On Thursday I emerged from a fog of editing work and serious reading in need of a pick-me-up, so I headed to Borders, hoping to get my hands on that much-hyped smeary deliciousness known as “Me and Mrs. Palin.” Alas — it’s in the October, not September, issue of Vanity Fair, and since I’m no longer a New Yorker, I’ll have to wait until Sept. 8 to buy a copy. To assuage my (embarrassing) disappointment, I reminded myself that I was in a bookstore, a struggling one at that. Never mind the towering to-read pile of books on my nightstand: I should buy a book. Browsing, I stumbled upon this newly translated novel by Muriel Barbery.
Gourmet Rhapsody (Europa Editions) is the prequel to Barbery’s internationally acclaimed The Elegance of the Hedgehog, and according to Gourmet Rhapsody‘s back cover blurbs, the new novel promises more of the meditations on food, art, class, philosophy, isolation, and identity that defined Hedgehog–as well as a return to that novel’s setting: rue de Grenelle in the 7th arrondissement. Gourmet offers up the final thoughts of (and about) Paris’s finest food critic, the reviled and friendless “Pope of Gastronomy,” Pierre Arthens. On his deathbed, Arthens struggles to remember the finest dish he’s ever tasted–a name that now eludes him, a flavor he longs to taste one final time.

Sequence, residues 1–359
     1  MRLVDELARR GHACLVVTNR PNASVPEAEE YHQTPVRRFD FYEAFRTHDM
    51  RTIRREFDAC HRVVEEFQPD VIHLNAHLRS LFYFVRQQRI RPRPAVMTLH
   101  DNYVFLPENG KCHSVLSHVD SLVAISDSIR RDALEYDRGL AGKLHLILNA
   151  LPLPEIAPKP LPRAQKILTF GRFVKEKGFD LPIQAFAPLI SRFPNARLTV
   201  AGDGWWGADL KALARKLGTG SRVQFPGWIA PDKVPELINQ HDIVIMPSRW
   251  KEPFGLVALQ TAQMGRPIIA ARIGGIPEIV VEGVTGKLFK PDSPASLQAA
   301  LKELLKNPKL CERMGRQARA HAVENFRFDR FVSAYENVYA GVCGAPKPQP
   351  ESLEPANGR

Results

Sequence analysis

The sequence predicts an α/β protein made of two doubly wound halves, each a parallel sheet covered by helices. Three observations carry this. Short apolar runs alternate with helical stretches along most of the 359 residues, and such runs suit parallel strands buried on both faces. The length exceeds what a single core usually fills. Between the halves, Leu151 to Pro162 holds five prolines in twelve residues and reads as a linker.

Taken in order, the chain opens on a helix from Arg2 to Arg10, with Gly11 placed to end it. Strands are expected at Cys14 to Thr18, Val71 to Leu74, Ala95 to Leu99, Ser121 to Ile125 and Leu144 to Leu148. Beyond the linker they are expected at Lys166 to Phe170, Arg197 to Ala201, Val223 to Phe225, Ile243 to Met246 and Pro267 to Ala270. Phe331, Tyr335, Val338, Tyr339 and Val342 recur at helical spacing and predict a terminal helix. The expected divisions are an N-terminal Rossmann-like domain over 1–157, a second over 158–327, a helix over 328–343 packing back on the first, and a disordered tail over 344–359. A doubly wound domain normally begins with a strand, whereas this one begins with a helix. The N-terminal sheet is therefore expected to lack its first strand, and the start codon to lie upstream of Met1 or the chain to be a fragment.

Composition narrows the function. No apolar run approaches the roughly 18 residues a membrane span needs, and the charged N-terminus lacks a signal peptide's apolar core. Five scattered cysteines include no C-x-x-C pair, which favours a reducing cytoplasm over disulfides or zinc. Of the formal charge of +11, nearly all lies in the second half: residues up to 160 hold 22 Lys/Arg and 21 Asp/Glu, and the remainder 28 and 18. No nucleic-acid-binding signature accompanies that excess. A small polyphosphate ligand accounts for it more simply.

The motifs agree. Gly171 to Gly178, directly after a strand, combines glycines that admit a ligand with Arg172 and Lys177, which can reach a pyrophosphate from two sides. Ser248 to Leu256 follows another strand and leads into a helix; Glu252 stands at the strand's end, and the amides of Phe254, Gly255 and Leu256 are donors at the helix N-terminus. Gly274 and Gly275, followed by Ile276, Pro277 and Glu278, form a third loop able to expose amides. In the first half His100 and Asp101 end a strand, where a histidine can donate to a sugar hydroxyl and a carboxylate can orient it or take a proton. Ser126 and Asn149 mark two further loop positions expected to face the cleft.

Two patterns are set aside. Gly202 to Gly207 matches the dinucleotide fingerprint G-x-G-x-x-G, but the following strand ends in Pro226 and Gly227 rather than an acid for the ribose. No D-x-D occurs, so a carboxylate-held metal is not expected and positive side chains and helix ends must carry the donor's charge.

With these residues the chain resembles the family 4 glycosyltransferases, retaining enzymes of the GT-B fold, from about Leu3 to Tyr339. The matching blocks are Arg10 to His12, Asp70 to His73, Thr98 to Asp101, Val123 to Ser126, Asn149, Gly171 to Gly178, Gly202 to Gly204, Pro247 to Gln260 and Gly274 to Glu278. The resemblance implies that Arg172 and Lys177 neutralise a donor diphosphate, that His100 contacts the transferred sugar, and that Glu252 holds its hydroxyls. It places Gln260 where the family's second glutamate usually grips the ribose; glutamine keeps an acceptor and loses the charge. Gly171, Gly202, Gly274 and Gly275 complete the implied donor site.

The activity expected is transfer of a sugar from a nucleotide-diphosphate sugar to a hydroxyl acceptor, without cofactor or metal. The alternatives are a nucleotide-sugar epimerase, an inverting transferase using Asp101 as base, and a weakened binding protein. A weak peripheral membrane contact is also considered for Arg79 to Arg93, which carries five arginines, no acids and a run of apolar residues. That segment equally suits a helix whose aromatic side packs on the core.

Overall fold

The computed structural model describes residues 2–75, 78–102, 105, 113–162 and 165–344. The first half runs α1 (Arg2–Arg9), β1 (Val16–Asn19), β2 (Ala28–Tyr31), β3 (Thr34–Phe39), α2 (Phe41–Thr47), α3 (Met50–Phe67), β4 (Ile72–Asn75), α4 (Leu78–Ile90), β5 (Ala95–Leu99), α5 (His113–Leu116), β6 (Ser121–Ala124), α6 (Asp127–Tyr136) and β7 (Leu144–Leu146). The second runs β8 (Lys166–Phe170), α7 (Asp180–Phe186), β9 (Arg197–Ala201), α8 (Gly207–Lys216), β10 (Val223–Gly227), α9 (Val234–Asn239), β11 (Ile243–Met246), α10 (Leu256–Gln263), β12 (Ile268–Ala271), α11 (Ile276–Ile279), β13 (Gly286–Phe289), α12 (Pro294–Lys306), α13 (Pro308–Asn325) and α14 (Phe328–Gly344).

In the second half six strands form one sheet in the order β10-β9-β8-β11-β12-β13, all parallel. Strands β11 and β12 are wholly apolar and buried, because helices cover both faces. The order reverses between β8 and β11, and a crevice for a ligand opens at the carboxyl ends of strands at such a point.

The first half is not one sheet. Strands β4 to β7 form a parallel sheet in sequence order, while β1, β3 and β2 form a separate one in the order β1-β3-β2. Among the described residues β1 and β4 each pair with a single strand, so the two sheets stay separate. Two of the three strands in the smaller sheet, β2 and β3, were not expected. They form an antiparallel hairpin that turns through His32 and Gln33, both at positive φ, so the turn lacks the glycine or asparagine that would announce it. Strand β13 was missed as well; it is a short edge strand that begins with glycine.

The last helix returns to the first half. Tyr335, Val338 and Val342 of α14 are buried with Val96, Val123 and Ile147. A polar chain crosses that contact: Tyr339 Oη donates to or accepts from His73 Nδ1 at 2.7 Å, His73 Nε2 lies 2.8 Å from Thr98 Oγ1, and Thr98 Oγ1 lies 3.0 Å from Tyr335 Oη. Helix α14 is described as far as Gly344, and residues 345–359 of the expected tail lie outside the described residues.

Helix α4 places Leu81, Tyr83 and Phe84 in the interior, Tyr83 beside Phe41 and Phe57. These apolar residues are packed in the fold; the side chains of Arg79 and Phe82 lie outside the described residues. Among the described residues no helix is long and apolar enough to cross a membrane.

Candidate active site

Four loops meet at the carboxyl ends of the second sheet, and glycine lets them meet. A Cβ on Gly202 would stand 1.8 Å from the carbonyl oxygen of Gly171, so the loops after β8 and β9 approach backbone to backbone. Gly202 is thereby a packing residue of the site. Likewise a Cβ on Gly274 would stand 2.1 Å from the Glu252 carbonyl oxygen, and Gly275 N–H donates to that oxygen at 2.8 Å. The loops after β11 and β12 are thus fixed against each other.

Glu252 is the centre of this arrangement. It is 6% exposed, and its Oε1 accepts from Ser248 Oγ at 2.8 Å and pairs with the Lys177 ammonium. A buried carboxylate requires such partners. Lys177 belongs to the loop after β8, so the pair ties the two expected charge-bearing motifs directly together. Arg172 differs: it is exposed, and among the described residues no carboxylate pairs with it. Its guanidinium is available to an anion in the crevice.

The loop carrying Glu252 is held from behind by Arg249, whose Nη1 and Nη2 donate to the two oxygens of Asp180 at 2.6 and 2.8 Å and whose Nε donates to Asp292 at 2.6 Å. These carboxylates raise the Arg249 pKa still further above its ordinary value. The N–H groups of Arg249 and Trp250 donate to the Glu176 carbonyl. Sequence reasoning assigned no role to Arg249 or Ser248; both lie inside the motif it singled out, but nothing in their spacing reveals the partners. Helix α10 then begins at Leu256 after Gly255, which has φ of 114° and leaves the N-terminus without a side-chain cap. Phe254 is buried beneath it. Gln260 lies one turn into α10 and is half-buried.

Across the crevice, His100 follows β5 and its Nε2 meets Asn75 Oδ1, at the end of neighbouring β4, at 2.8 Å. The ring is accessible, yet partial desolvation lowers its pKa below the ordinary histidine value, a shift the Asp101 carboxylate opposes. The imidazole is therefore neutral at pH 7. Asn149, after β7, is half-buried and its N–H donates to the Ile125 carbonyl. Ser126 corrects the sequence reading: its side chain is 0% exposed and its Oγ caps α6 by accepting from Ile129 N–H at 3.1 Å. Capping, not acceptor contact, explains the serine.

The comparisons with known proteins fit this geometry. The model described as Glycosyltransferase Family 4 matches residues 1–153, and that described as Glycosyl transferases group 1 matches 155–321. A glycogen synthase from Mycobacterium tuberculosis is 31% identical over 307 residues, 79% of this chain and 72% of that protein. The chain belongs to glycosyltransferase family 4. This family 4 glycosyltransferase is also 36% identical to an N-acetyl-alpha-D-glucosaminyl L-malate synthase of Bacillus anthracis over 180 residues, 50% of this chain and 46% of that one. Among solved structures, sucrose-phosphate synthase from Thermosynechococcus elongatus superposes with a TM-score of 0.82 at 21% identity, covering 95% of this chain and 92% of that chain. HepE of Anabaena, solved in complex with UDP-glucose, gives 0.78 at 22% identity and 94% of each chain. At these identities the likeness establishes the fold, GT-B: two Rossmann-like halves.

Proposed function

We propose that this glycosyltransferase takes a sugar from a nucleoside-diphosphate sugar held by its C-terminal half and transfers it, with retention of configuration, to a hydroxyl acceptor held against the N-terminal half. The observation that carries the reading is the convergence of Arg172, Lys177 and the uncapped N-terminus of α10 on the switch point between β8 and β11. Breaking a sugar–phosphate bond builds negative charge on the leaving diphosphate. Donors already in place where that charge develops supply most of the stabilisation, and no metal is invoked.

When I read Hedgehog last winter, I thought Barbery’s prose (even in translation) lovely and strange in the best sense, and I found her musings brilliant–and I also worried that her characters and story were too much in the service of Big Ideas. Yet I find myself thinking about this book quite often, particularly when defending Woody Allen, Lorrie Moore, or any actor/writer who repeatedly inhabits or recreates versions of what is unmistakably himself or herself in each character played or written. I didn’t hesitate to pick up Gourmet Rhapsody. I want to see what Barbery does with Arthens’ voice and character. And I want to read some gorgeous descriptions, through his voice, of French and Japanese culinary “ecstasies”.